KFF Daily Global Health Policy Report
In The News
- Warming Climate Will Damage Children's Health Most, Have Life-Long Impacts, Lancet Countdown Report Says
CNBC: Climate change is damaging the lifelong health of children across the world, medical officials warn
“Climate change is already damaging the health of children, and its impacts will harm the entire generation with serious health problems throughout their lives, according to a new report from the medical journal The Lancet. Scientists and health experts from 35 academic institutions and United Nations agencies said that children will suffer from a rise in infectious diseases, malnutrition, and air pollution if global warming continues on the current trajectory…” (Newburger, 11/13).
Reuters: Climate change exposes future generations to life-long health harm
“… ‘Children are particularly vulnerable to the health risks of a changing climate. Their bodies and immune systems are still developing, leaving them more susceptible to disease and environmental pollutants,’ said Nick Watts, who co-led The Lancet Countdown on Health and Climate Change study. He warned that health damage in early childhood is ‘persistent and pervasive,’ and carries lifelong consequences…” (Kelland, 11/13).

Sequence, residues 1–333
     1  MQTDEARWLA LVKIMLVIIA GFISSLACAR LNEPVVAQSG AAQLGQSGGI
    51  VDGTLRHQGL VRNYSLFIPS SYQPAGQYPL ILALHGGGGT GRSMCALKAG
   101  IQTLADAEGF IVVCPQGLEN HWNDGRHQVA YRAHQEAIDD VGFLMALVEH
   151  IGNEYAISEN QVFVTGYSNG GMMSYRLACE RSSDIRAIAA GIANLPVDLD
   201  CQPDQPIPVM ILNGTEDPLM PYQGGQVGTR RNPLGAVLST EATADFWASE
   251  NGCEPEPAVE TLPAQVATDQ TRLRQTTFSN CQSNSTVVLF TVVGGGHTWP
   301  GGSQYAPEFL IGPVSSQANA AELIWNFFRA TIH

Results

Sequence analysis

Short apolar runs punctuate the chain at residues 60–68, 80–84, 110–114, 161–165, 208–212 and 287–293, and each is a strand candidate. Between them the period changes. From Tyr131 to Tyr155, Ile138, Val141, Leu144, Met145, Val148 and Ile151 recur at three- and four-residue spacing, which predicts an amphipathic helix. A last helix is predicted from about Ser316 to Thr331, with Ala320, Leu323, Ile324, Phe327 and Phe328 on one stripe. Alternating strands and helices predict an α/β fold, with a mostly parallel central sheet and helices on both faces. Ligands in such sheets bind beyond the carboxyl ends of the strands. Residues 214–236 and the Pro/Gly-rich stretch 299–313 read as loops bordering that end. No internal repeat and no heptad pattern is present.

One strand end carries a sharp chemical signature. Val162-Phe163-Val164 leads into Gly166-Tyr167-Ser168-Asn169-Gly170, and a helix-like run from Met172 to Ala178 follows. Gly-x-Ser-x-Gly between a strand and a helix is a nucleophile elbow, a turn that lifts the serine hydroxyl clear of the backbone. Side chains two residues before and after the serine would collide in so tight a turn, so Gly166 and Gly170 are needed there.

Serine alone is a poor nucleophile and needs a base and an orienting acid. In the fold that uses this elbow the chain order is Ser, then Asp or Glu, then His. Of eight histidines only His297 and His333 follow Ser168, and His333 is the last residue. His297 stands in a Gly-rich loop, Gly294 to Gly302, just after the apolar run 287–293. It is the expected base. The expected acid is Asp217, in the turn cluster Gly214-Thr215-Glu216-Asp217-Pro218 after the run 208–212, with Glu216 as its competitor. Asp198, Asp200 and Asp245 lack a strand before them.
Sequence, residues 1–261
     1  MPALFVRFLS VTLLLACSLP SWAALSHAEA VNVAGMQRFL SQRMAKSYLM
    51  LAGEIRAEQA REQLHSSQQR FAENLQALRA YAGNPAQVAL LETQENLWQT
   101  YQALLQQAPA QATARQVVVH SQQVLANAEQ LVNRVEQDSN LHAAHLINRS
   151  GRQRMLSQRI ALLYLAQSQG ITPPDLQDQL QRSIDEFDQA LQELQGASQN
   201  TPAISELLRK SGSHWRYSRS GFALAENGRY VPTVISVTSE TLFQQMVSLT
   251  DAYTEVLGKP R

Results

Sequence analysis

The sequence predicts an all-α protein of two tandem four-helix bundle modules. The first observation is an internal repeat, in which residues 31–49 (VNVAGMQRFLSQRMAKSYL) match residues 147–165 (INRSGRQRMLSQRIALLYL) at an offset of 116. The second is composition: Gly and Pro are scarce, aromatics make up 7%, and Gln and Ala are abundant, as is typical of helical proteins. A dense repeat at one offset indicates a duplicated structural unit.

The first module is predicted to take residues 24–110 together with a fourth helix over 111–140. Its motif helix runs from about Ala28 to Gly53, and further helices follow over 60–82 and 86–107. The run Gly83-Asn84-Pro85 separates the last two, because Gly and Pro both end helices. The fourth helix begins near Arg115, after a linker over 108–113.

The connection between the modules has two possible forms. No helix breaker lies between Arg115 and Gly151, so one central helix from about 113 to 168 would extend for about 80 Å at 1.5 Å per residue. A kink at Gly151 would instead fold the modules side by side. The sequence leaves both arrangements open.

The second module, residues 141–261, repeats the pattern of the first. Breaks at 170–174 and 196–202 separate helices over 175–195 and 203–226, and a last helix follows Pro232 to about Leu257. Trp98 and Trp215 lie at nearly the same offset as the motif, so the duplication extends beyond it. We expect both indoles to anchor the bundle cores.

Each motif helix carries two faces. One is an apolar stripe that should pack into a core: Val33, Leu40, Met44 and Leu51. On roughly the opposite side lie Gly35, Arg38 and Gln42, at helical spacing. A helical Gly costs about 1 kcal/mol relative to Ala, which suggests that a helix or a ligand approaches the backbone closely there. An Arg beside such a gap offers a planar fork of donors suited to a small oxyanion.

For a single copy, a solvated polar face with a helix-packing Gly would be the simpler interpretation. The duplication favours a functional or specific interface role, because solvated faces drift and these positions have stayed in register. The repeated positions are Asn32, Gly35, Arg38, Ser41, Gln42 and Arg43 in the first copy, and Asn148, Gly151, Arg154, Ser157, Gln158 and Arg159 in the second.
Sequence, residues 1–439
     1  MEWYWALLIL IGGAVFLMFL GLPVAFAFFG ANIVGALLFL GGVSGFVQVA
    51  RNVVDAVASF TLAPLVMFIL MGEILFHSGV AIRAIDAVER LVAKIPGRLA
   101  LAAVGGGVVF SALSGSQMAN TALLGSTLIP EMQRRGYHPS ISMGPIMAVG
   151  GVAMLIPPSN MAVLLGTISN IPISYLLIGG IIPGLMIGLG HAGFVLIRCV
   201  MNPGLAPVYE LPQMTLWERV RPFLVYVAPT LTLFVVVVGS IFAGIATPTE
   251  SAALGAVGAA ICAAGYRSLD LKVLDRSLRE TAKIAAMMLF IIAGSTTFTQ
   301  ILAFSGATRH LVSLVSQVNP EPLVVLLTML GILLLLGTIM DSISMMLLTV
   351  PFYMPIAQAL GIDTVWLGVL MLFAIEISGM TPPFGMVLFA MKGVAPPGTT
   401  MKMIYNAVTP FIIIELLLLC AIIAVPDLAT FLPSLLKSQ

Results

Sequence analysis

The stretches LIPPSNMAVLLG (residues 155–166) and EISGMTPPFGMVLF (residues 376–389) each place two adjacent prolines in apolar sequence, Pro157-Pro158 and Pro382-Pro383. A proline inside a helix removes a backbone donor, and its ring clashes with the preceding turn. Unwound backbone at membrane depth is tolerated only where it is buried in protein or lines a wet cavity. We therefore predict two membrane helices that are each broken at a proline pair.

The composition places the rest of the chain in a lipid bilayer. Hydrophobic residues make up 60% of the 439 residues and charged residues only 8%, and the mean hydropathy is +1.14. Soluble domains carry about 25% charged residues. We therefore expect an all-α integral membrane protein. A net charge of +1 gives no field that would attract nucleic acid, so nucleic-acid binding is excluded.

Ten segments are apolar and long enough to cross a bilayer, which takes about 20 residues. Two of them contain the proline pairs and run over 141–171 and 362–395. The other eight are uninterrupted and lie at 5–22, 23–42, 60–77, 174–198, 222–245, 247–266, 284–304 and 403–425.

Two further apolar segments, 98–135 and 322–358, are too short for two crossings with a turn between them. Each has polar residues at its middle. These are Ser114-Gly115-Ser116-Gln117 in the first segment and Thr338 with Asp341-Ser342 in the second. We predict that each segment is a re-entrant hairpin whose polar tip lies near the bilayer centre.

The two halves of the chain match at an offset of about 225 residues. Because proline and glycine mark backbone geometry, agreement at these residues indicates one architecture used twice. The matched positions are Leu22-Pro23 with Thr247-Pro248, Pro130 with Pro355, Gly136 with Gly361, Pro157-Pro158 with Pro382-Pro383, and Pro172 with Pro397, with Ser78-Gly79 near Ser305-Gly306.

TIME: How Climate Change is Clobbering Kids’ Health
“…Finally, there are the diseases that thrive in a warming world. The most troubling explored in the Lancet study are malaria and dengue fever — which, again, take particular aim at children. The investigators found that both diseases are on the rise, more or less in lockstep with climate. The incidence of dengue fever in particular is already as much as 9.8% above pre-2012 baselines…” (Kluger, 11/13).
Additional coverage of the report is available from AP, ABC, Financial Times, The Guardian, IBT, NPR, and SciDev.Net.